Hiring a professional music producer or a TV music producer can be a bit of a legal minefield, so you will need to do your research or get advice before you put pen to paper on a contract. Here are just some of the main terms and types of contracts and licensing agreements that you will need to know about when you start negotiating a record production deal.
How Music Producers get paid
Music producers are usually paid on a flat fee basis or through royalties. A producer’s flat fee is usually calculated based an hourly rate and the number of tracks to be recorded. The up-front fee can be anything from $250 to $10,000 per track, depending on the producer’s own experience, the level of success to date of the artist, and on whether the recording is being made for a local independent label, or a major international record company.
Producers can also be paid royalties from the sales of a recording, in which case they will be paid a percentage of the revenue generated from sales of records, CD’s or downloads. As a general guide, a producer can expect to be paid in the region of 3-4% of the sales value of a recording, or 20-25% of the artist’s royalties. Where you see a track that is labelled as “produced by” that will usually mean that the producer had a major creative input into the work and is receiving 50% of the mechanical royalties, the other 50% going to the songwriters or the lyric writers. The mechanical royalties are a the royalties that are paid to a songwriter every time a copy, for example a CD, is made of their song.
The difference between major label producer deals and indie producer deals
If you are a musician and you sign up to a major label, you will have the advantages of the funding that a major label can provide as well as the networking connections and the reputation and influence that a major label can supply. However, with an indie producer deal, you will have a far closer relationship with your producer and your producer is likely to be far more committed to you and your product. It is likely, though, that an independent producer will ask for a higher percentage of the royalties, based on the high level of artistic input that they will have in the making of the recording.
The fees that a professional record producer will charge will depend on their experience and the level of input that they have into a recording. The split between upfront fee, flat fee and royalties will be negotiated separately for each recording production deal. At the higher end of the market, a record producer will expect to earn $2,500 to $12,500 per master, at the lower end of the scale it could be between $400 and $1,500 per track. A producer who is well-known for making hits will be able to command much higher rates.
When an artist hires a producer independently, the upfront fees are usually much less than they would be for a major record company. The producer’s royalty fees will also often be based on the value of net sales, rather than on a share of the artist’s royalties.
When you are considering hiring a producer, you will also need to be aware of the various copyright issues, which can be quite complicated. There is a difference, for example, between a musical composition and a sound recording. A musical composition usually consists of the music and the accompanying words and the work of the author is registered as a work of the performing arts. A sound recording, on the other hand, is the combination of a series of musical, spoken, and other sounds, the author of which can be the artist, the producer, or both. The difference between the two types of copyright will play a part in the negotiations of a record producer’s contract.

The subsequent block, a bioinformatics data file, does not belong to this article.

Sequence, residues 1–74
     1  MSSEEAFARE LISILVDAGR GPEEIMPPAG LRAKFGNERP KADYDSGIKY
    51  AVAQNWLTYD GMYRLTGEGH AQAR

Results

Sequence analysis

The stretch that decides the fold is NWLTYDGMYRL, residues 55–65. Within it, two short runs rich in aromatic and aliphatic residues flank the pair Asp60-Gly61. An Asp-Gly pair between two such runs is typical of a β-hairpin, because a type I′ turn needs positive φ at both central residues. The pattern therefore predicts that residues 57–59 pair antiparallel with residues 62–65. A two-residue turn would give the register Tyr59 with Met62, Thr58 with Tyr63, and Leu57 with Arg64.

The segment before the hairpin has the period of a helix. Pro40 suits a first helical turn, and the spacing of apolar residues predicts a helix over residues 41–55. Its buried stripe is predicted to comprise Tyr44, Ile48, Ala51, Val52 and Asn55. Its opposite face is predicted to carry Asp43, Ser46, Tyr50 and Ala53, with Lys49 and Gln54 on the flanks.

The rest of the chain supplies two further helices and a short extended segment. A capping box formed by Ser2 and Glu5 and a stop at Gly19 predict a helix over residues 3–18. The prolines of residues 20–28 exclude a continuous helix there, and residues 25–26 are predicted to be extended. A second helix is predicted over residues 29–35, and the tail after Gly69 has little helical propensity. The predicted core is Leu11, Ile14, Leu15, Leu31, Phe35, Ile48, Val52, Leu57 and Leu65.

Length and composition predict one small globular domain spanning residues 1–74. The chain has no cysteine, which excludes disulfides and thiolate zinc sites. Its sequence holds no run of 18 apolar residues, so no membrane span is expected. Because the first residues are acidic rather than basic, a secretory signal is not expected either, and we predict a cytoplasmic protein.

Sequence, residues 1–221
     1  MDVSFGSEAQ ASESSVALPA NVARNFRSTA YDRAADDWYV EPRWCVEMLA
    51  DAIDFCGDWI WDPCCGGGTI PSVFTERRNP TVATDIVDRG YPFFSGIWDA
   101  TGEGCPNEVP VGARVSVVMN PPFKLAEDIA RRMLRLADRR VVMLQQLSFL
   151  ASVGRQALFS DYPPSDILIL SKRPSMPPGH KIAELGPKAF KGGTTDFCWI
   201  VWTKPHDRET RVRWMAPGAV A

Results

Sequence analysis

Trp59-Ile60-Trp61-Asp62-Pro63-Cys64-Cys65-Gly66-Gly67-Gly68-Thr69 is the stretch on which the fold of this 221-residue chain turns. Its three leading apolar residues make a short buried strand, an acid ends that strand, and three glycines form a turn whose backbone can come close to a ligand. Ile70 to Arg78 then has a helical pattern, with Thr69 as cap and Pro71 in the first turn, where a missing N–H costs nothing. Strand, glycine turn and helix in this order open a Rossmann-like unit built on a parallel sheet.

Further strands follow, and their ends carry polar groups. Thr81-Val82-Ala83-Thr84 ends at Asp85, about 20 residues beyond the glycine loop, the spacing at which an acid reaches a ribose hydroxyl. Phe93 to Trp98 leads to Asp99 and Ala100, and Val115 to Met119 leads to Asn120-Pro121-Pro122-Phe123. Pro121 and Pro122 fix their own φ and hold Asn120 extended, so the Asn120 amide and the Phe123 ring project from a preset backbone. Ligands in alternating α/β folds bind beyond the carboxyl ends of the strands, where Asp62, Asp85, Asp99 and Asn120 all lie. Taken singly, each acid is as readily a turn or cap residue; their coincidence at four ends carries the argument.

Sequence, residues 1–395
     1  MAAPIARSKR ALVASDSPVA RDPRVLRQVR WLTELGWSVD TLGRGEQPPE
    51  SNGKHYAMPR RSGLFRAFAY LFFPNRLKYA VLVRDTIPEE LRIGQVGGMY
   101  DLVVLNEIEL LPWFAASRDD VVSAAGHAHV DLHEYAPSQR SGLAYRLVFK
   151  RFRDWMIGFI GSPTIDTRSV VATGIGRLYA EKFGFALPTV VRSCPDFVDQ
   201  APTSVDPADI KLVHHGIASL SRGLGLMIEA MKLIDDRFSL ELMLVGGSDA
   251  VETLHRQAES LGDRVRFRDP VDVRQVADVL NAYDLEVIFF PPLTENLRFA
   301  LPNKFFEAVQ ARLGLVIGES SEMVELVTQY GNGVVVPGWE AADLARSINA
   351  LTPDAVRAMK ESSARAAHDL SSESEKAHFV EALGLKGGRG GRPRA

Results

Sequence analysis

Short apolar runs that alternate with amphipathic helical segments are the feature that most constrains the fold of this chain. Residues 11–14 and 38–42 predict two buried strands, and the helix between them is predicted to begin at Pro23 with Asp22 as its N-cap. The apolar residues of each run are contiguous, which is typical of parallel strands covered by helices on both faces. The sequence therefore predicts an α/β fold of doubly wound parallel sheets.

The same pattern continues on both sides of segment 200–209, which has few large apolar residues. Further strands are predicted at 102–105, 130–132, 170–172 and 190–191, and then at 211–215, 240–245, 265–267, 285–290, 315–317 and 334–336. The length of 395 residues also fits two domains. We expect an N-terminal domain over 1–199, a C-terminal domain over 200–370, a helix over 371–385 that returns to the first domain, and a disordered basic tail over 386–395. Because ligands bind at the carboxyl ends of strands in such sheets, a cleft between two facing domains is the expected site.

The licensing of beats
A producer may also provide you with the beat of a song and that may be provided under an exclusive license, or non-exclusive license. The beat can be best described as the skeleton of a song. It will typically include a drum loop, some bass, synth, and sometimes a hook, or a chorus.
Under a non-exclusive beat license, the producer retains the right to the underlying beat, even though you will own the rights to the finished work. The producer also retains the right to license the same beat to other artists. You may also be restricted on how many derivatives you can create using that beat. An exclusive beat license will usually allow you to gain full ownership of the sound recording and use the beat in as many derivative recordings as you like. The terms of an exclusive beat license can vary though, if you wanted to use the beat in an audio/visual recording, for example, you may have to negotiate a synchronization license as well.
There is also an important distinction between a work for hire agreements and a non-exclusive license. In a work for hire arrangement, you are paying for the producer’s time to write a beat for you and that beat becomes your property. In a nonexclusive license agreement, the producer retains the copyright of the beat and the right to license it to other people.
In many cases, a producer will prefer to retain the rights to their beat, but when they do sell a beat on work for hire basis, they may ask for both an upfront fee and a “back-end royalty, which will be a percentage of the revenue generated from the future sales of the finished sound recording.
Hiring the right record producer can make all the difference to the success of a recording and a good professional producer will be able to take you in new creative directions you have never even thought of before. It is important, however, that you understand the terms of a record producer’s contract before you sign it and that the producer is a person that you feel comfortable that you will be able to work with.